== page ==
School kids fly home following earthquake

Published: 8 Oct 2018

School kids fly home following earthquake

A disaster response team from Yayasan MAF Indonesia (DR) team arrived in Palu Indonesia on the Monday following a devastating 7.4 earthquake and tsunami on 28 September, ready to do whatever was most needed in partnership with Ethnos360 Aviation and Helivida who shared a hangar at the airport.

Story and photos by LuAnne Cadd

Rick Emenaker, heading up the DR response for MAF, was surprised to see nearly 100 teens crowding the small compound. The students were all from the Wana people group where Ethnos360 has done long-term and good work over many years. These children of believers from the villages attend school in Palu where the missionaries provide a dorm and other support.

'Helivida pilot Matthias Geiger flew six girls the one-hour flight in the helicopter back while Ethnos360 Aviation flew the rest in the Kodiak aircraft.'

Following the earthquake, the Ethnos360 missionaries left and the students needed to return home to their villages. It was arranged for the Ethnos360 Aviation pilot to bring the plane and start shuttling the kids, but it didn’t go as quickly as planned. The children, along with all the Yayasan MAF Indonesia and Helivida teams, slept on the grass and hangar floors each night, hoping that they would leave the next day.

'On Wednesday, we were walking around the hanger and noticed the kids were very upset and some were crying,' Rick describes. 'So we inquired why since the day before they seemed cheery and joyful. We discovered that it was because they hadn’t been able to get back to their villages and the kids were hungry as there was no food for them. Food is hard to get here in Palu right now.'

The team knew they had to do something. They had received some rice the day before, so decided to give this to the 60-70 kids who were left. Although there was nothing to buy in town, they ran into a man with eggs and bought what he was willing to sell and that night the children ate a meal of rice and eggs.

'I was encouraged to see how in the midst of all their sorrows, they were able to be thankful for the things they still have.'Wilbert Rietveld

'It was really cool to see them change - not so hungry anymore, and the flight schedule started to pick up a little bit and we were able to get some out,' Rick said. 'We really felt like we bonded with the kids.'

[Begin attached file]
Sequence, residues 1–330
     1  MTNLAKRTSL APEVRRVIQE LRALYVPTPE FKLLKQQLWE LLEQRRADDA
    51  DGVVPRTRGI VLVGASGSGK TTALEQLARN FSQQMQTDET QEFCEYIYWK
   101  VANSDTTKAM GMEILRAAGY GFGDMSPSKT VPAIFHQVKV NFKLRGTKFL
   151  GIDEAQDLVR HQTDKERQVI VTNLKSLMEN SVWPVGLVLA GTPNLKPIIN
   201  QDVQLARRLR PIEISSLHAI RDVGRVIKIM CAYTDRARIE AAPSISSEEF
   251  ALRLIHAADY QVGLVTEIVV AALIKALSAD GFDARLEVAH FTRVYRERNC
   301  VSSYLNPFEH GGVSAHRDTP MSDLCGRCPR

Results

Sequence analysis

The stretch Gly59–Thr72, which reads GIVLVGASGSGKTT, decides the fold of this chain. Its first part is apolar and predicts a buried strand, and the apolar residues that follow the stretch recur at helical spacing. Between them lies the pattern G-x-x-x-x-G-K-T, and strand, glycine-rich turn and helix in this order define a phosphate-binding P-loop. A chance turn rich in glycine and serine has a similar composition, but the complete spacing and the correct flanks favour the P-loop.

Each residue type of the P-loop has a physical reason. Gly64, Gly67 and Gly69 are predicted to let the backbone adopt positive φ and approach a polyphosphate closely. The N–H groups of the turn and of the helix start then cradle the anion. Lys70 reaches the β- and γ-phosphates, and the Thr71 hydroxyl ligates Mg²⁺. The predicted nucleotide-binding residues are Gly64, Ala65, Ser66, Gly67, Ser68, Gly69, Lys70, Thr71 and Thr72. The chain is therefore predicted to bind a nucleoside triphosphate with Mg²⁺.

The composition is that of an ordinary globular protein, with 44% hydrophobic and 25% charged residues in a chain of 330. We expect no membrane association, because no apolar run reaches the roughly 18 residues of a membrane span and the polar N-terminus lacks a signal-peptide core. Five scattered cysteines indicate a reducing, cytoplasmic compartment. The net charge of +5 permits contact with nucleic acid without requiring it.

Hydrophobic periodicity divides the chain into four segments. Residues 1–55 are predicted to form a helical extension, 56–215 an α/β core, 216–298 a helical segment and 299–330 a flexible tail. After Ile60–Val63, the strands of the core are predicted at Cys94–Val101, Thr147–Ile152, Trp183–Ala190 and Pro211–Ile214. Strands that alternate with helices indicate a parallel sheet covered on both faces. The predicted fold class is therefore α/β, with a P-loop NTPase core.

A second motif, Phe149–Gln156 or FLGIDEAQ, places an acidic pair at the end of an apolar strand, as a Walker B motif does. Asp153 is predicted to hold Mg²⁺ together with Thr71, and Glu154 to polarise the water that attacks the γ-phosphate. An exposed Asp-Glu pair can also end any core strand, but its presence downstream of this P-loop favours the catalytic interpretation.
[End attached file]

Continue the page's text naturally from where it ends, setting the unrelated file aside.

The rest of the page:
By Wednesday night, a road opened and two bus-loads took most of the students on the long drive home, leaving the last 14 to wait one more day. Thursday night, Rick and Wilbert Rietveld, MAF’s IT specialist who speaks Indonesian, sat with the remaining group, eating, laughing and talking under the stars outside the hangar.

'I was encouraged to see how in the midst of all their sorrows, they were able to be thankful for the things they still have,' Wilbert said. 'There was one family where the wall fell on them and people had crush the wall to get them out. So one of the kid’s eye was a different color and lots of injuries.

'Two students were out on the beach and when the tsunami hit they ran and the water was right behind them, and eventually hit them but they were able to make it home the same day. Two other kids were not able to make it home that day because the water had cut them off. The whole dorm was anxious about what happened to them. They know a lot of people who died. They’re still processing it inside.'

On Friday, 6 October, Helivida pilot Matthias Geiger flew six girls the one-hour flight in the helicopter back to their village while Ethnos360 Aviation flew the rest in the Kodiak aircraft.

Matthias described the joyful reunion of parents and their children. 'I landed, left the engine running, opened the door, and the parents of the one girl sitting next to me came running and crying and hugging her. It was very emotional. They were all very, very happy to be home. They were so busy with hugging each other and being joyful, I just closed all the doors and left quietly with my helicopter. I was so happy to take them home.'

'Two students were out on the beach and when the tsunami hit they ran and the water was right behind them...' Wilbert Rietveld